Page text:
I do not share the reluctance of some to let go of the committee system. When I first served as a councillor some years ago, everything was done through committees and the full council. I quickly came to appreciate—as a social services spokesperson, I became part of the system—that the real decisions were often taken outside open and formal meetings. They were taken usually by leaders, sometimes alone with chief officers, and often through private party group meetings. They were whipped through committee, often with very little member participation. I see no need for anyone to feel threatened by the proposed executive scrutiny structure.

The hon. Member for Eastbourne (Mr. Waterson) referred more than once in Committee and on the Floor of the House to arrangements on Bedfordshire country council. Perhaps he did so because he knows that Bedfordshire is a very good place and that I represent part of it. Also, he knows that the council is controlled by the Conservatives with a majority of one. However, it has an all-party executive and a scrutiny committee. That committee is chaired by a senior Labour councillor, and the system seems to work. I understand on good authority that some Conservative back-bench councillors are becoming annoyed about the prominence that the Labour councillor who chairs the scrutiny committee enjoys on the full council. That might be a sign that scrutiny can work. I do not see it as a second-class function to be conducted by second-class councillors. It is an integral part of the process.

The movement that the Government have made on the openness of meetings and access to information is genuine and welcome. It was rather churlish of the hon. Member for Eastbourne, today and yesterday, to criticise the Government for listening to Members. He spent a good deal of time introducing amendments, and when improvements are accepted, he seems to think them not good enough.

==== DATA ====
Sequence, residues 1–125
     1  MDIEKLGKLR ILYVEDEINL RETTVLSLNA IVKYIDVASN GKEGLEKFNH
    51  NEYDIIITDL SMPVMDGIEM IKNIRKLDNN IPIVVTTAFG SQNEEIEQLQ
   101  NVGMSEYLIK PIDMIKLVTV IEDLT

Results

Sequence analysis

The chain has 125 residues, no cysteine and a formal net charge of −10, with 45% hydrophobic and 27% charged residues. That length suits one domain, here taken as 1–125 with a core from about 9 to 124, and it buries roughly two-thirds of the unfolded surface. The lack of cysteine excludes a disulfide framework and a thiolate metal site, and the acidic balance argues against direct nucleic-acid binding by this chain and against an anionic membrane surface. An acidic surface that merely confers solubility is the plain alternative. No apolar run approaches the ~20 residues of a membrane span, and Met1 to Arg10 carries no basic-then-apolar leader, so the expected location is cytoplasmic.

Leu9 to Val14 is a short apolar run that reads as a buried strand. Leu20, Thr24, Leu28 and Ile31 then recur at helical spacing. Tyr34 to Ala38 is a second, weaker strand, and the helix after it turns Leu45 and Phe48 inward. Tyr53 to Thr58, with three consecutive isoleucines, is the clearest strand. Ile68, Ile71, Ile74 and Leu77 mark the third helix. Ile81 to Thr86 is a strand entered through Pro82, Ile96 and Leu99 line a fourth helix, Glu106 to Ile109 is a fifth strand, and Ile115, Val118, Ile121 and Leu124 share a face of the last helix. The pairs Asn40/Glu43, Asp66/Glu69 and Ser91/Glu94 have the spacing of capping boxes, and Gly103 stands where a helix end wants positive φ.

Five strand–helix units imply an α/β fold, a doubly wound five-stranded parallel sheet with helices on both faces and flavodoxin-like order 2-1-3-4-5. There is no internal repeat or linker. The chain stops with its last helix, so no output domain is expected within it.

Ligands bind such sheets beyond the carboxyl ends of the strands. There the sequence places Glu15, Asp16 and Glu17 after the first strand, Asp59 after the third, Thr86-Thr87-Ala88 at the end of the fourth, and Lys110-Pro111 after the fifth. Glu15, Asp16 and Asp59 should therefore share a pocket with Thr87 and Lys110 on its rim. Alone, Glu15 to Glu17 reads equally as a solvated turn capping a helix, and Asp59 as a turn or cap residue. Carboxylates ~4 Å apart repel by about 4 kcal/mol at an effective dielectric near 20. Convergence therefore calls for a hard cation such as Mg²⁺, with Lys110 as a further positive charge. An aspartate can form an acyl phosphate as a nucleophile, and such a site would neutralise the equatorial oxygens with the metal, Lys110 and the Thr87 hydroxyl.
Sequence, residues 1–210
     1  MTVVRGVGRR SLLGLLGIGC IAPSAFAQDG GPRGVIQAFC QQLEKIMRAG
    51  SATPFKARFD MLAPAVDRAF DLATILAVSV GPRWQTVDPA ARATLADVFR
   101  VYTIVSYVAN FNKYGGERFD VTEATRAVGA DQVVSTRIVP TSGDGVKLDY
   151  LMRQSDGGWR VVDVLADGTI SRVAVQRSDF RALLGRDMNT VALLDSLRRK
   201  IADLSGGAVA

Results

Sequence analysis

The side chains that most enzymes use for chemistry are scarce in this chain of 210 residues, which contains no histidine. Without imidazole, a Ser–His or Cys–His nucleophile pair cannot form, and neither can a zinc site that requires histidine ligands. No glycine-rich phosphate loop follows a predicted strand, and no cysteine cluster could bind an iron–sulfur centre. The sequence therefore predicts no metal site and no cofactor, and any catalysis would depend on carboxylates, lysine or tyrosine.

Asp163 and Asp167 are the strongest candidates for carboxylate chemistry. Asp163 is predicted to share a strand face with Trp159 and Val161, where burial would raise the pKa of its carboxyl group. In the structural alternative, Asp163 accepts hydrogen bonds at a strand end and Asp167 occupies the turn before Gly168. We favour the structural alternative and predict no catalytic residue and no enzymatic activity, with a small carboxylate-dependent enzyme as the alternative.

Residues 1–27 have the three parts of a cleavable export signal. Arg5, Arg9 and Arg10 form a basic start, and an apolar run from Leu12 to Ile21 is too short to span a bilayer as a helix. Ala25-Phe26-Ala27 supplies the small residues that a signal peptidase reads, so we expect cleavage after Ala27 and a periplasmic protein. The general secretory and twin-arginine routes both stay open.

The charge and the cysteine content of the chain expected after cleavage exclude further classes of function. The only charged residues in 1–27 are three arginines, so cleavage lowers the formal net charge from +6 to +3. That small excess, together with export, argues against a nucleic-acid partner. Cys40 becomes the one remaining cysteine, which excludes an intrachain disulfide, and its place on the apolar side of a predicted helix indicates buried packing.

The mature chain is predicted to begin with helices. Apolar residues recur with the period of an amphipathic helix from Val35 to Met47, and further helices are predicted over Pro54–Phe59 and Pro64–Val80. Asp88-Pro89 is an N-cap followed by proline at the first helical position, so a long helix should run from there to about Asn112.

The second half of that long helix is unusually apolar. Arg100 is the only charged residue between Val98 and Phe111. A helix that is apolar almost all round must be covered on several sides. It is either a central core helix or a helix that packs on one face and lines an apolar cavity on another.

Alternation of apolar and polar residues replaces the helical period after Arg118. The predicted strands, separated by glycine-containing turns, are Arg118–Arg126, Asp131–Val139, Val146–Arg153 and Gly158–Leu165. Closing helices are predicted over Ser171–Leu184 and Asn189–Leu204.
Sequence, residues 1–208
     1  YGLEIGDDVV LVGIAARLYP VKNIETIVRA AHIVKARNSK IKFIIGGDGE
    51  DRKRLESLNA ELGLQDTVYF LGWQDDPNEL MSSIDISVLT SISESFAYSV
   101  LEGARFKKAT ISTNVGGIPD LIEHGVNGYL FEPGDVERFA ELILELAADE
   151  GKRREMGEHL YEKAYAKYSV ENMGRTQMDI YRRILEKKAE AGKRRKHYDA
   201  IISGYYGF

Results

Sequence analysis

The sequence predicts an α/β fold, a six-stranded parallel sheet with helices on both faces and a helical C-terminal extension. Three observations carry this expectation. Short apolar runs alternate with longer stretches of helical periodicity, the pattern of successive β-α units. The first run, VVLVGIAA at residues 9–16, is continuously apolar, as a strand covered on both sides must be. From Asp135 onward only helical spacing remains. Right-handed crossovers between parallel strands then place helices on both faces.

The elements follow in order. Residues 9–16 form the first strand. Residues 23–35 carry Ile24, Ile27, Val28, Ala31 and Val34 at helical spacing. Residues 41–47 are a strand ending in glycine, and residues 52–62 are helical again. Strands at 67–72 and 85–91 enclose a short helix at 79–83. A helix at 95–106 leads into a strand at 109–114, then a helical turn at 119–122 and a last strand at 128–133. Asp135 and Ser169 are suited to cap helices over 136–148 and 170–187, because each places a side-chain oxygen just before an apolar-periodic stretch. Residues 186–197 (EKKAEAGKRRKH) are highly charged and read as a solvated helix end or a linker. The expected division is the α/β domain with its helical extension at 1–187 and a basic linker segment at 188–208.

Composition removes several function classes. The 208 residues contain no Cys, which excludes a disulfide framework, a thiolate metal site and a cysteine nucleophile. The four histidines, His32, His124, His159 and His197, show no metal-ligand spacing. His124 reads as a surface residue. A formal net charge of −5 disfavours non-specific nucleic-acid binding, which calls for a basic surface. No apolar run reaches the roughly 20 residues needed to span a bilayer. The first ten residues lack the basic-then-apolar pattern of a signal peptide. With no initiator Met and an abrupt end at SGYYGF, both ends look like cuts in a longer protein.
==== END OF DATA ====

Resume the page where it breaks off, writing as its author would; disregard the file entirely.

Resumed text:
The changes that have been put together and presented by the Government prove not only that hon. Members have been doing their job on the Bill, but that the Government are doing their job. I have no doubt that we are creating the means for local councils to do their job in all the years ahead.

6.40 pm
Mr. Mark Fisher (Stoke-on-Trent, Central)

I am grateful to you, Mr. Deputy Speaker, for calling me and for the way in which the Government have moved in the past 24 hours, particularly on openness in local government. They have clarified some issues, not least when the Minister reassured us last night that decisions that are made collectively in a council's executive should be in public, even if the decisions that arise out of them are made by an individual member.

That is important. My constituents do not mind so much where the decision is made, but they want to see open discussion of the closure of an old people's homes, the new level of rents, or the opening hours of a public library—important things that touch their lives. The Minister has clarified that; it is very welcome and I am grateful.

I am grateful for and welcome the Minister's remarks on Third Reading, which I took as positive remarks, about local government and local authorities. In my experience, local authorities have not felt over the past 20 years that central Government really believed in them, or were on their side. That has been as true since the last election as it was before it. However, with those remarks by the Minister, let us hope that the Bill is the start of a new relationship between central Government and local authorities—a new, much more positive relationship. I fear, however, that the Government will need to look again at the speed at which they are moving on local government in relation to housing and education. Until those things are clarified, local authorities will not feel that the Government believe that they can deliver and do a good job within the new structure that they are forming by means of the Bill.

Local authorities are, of course, variable, as are local councillors. Many are far from perfect, but local democracy is essential for the government of this country. People want to know whom they are electing and who is making decisions, and they want those people to be accountable to them. However good services are through agencies, that is not the same as having locally elected people making decisions at a local level. With that underpinning the new Bill, and the Minister's positive remarks about the future of local government, many of us will be happy to see how the Bill works, particularly if it will be the start of a new and more positive relationship between central and local government.

Question put and agreed to.

Bill accordingly read the Third time, and passed, with amendments.